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Friday, 3 September 1920

Mr McWILLIAMS (Franklin) . - I desire to call attention to a matter regarding provision for unloading. Something ought to be done to facilitate the unloading of vessels. Visiting Newcastle the other day, I was informed that certain modern provision had been made, by the use of a shoe, for the protection of wharf labourers when engaged in unloading; steel rails. The rails were fitted into the shoe, and about six at a time were lifted. However, objection was taken to this method of unloading. The men would not use it. Probably they regarded it as doing the work too quickly. Therefore, the use of the shoe had to be abandoned. The method of unloading now is to lift one rail or two rails at a time, in the most dangerous manner imaginable; that is, by the antiquated' fashion of employing slings. What is the good of making provision, by the institution of modern methods, for the protection of life and limb if the men - engaged refuse to handle such gear and prefer to return to the more dangerous and the antiquated way, simply because work under the modern method is being done too quickly ?

Mr Gabb - What cause has the honorable member for saying that that is the reason why the use of the shoe was abandoned ?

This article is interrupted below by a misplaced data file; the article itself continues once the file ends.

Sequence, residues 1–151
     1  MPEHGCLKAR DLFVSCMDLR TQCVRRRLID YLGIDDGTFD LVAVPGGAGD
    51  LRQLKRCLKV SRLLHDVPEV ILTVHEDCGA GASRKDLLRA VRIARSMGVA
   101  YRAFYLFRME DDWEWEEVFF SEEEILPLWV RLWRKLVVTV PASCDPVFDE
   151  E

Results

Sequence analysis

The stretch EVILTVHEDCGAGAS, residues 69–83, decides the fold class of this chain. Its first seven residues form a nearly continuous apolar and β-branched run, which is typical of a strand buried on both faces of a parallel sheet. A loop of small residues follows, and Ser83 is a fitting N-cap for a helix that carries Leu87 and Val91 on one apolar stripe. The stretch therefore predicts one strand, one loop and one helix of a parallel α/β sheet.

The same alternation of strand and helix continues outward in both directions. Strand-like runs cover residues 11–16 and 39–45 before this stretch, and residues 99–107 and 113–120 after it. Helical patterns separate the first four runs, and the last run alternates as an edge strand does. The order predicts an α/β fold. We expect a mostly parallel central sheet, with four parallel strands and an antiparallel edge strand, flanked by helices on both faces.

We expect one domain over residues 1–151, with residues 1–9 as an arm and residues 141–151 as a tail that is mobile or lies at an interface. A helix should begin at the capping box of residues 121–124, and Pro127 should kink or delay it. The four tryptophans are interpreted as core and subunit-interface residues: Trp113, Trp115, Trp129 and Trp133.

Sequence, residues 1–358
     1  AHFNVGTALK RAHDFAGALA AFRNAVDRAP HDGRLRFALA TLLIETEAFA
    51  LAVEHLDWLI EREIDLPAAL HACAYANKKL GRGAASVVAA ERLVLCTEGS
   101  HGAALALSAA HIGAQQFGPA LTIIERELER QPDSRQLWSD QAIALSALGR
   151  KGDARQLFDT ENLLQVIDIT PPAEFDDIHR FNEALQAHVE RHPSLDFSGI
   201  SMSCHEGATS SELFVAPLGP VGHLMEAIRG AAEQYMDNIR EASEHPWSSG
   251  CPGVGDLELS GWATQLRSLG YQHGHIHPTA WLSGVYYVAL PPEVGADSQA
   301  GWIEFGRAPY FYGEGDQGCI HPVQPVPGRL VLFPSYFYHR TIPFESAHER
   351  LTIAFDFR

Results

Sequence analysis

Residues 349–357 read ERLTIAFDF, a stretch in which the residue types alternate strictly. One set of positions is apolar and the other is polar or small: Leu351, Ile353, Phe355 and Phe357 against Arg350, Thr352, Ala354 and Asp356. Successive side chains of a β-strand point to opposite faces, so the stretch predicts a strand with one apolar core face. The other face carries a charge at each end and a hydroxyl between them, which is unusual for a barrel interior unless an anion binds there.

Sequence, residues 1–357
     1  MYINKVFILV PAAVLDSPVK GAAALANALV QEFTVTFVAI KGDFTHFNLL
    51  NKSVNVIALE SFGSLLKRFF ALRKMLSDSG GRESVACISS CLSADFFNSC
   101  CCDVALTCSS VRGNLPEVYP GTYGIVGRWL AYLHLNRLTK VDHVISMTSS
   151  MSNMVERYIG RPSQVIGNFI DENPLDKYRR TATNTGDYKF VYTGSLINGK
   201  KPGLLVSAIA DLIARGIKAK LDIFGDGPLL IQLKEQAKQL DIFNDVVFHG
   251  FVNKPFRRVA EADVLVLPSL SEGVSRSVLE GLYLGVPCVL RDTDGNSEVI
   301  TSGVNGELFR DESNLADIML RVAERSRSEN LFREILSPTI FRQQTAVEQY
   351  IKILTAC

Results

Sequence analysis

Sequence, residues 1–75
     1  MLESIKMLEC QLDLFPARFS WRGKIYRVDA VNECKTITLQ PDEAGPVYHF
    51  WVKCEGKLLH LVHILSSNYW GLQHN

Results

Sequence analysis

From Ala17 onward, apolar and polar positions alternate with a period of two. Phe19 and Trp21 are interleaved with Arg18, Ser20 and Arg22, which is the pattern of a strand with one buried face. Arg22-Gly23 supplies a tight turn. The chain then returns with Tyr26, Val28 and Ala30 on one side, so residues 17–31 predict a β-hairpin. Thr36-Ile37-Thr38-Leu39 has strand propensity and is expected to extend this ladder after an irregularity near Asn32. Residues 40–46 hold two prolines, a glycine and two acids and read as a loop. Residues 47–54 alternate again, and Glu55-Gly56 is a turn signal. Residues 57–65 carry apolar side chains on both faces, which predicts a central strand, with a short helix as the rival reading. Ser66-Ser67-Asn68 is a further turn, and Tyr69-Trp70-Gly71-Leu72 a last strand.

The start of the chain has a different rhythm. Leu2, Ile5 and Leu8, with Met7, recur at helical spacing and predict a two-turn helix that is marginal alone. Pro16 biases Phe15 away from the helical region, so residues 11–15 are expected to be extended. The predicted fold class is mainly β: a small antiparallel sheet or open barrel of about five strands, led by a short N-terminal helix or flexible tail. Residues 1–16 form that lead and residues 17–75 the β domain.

Mr McWILLIAMS - I was on the spot and secured my information firsthand. The process of discharging coal is about as slow and antiquated as can well be imagined. One of the reasons why there is such a scarcity of coal in Melbourne to-day is that, owing to some dispute in which the State Government and the Federal Government, and the Harbor Trust and the ship-owners have been involved, an out-of-date system of unloading exists. The result is that vessels, which should be discharged in twenty-four to thirty hours, are not discharged in less than five or six days. That, very largely, accounts for the shortage in coal in Victoria to-day. I emphasize that, while insisting upon the use of proper gear, our legislation should also see to it that, when modern methods are installed, they shall be operated.

Clause agreed to.

Progress reported.

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